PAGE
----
1930s to late-1940's Lingerie rayons are mostly hand-washable. Acetate (and acetate blends), also used in lingerie, have a tendency to leak dye/redden when hand-washed; be sure to add lots of vinegar if washing acetate slips & nightgowns. Dress rayons should be dry-cleaned. These printed fabrics may be washed (say, to remove stains) but are not necessarily color-fast --- you might lose your print. If you must: dump in several cups vinegar and use very little water & soap. Crepe rayon (pebbled fabric very popular in the forties) should be dry-cleaned --- it is guaranteed to shrink several sizes in water. On the other hand, once shrunken, the crepe can be re-stretched. If you must hand-wash (to remove a bad stain or armpit odor) rayon crepe, finish with the following method. (1) Turn your iron to the lowest setting; if your iron is too hot it may fade or shine the dry fabric. (2) Press gently (pressing with pressure will remove the texture) while pulling fabric taut. As crepe warms, it will loosen and stretch out to original length. (3) Continue until the entire dress has been treated. You can successfully restretch rayon crepe dresses but it's a long, painstaking process. Best to dry-clean. Lastly, bias-cut garments should not be hung in a closet as it may stretch out, ruining the hem-line.
1950s Hand-wash most daywear. Dry-clean the eveningwear. I've found that some silks, wools, cashmeres can be hand-washed with care -- but beware the linings, as they may shrink and/or bleed onto the garment. Do not hand-wash silk that has a luster or iridescent sizing. Sequins & beads can lose iridescence and color in water. Never hang heavy, beaded sweaters to store. Lingerie nylons can be hand-washed without fear. Furs, velvets, leathers, and tweed should be professionally-cleaned.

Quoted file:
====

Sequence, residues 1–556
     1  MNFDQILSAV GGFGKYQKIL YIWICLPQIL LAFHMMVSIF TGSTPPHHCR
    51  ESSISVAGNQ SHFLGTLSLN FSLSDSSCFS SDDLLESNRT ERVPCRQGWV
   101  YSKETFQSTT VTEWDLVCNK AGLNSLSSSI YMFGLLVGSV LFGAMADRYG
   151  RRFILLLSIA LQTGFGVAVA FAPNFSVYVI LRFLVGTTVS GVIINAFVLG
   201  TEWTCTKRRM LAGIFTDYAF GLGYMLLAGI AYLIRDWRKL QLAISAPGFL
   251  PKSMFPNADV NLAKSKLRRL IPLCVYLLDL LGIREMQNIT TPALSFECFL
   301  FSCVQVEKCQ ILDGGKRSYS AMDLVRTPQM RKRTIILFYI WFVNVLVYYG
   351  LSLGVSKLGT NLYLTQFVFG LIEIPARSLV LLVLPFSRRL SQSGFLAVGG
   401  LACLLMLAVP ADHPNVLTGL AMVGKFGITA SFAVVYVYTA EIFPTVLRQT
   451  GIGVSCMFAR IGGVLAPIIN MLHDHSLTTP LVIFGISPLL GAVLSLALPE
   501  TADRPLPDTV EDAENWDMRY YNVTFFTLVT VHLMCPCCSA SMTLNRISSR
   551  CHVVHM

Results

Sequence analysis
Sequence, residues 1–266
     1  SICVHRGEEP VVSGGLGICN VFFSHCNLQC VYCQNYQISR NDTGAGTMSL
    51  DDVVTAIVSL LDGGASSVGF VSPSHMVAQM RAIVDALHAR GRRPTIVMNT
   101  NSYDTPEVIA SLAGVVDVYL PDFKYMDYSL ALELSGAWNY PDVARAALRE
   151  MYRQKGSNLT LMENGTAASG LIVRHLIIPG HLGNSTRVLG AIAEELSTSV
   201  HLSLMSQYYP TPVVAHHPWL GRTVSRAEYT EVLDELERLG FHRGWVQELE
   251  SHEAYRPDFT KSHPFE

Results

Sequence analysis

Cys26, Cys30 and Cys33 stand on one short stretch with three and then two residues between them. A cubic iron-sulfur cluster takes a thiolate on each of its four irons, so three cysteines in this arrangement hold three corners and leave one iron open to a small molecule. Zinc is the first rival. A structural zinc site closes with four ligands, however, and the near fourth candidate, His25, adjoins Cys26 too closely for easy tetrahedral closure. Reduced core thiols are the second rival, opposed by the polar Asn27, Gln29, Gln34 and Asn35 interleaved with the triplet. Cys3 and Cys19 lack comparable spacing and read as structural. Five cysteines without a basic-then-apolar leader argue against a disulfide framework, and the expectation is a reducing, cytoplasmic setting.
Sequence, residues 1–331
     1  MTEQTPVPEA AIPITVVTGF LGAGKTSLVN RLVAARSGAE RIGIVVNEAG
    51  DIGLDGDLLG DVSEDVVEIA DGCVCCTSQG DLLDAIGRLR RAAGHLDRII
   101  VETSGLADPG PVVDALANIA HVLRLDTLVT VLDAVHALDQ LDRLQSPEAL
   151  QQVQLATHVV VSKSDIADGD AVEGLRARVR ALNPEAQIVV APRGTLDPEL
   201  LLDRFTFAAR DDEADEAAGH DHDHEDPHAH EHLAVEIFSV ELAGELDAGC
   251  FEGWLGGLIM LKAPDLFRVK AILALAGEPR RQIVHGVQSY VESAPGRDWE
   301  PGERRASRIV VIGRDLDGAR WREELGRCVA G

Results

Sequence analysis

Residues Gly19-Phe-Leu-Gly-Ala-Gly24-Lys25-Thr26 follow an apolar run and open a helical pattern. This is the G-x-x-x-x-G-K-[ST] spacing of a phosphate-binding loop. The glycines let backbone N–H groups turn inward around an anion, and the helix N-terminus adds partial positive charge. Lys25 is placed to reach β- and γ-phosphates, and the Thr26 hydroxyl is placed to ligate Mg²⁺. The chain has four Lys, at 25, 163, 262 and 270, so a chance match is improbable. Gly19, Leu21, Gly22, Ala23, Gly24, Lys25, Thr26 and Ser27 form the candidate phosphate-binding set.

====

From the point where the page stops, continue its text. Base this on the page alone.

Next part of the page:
1960s to 1980s Follow instructions on care tags.
How to wash... Use a gentle soap -- I use baby shampoo -- plus cold water. At the first hint of hint of bleeding, if you know the fabric's not color-safe, or to remove fabric odors, add vinegar to the water -- between several tablespoons to several cups. Let soak (unless not colorfast) approx 10 minutes -- the water will brown. Lightly agitate & press the garment. Drain the soapy water and rinse several times. If the fabric is bleeding, rinse in vinegar. Don't leave soap in the garment -- rinse well.
How to dry... In the early 20th century, wringers, or manglers, were used to remove water from garments -- pressing them so dry they were left stiff as a board. You don't need to go to that length, but it's important to remember that the weight and dampness of a garment can cause damage to its fibers, create opportunities for fabric bleed, and leave obvious water spots. So when it comes to delicate materials like mid-c. sweaters, silks, chiffon, etc, always press the garment dry with a clean towel. To do so: lay a towel flat, stretch the garment flat on the towel, roll up the towel into a rope, and press softly (don't wring) to remove water. Sometimes I'll repeat this. Lastly, lay your garment out to dry on a new towel. If you have cleaned a sweater, you may need to re-block it, or reshape it into its previous shape. When it dries, the fabric "remembers" the blocking and is good as new.
Spot-cleaning... Never spot-clean silk, silk chiffon, velvet as you'll leave a water ring -- instead (in the case of silk) clean the entire garment --- or leave it to the dry-cleaner. There are many methods used to remove stains. Here are two -- one gentle treatment and one last resort.
(1) Put a rag under the stain and blot the spot with vinegar. Rub at the fabric to transfer the stain to the rag. Apply more vinager if needed. You don't need to rinse after this treatment.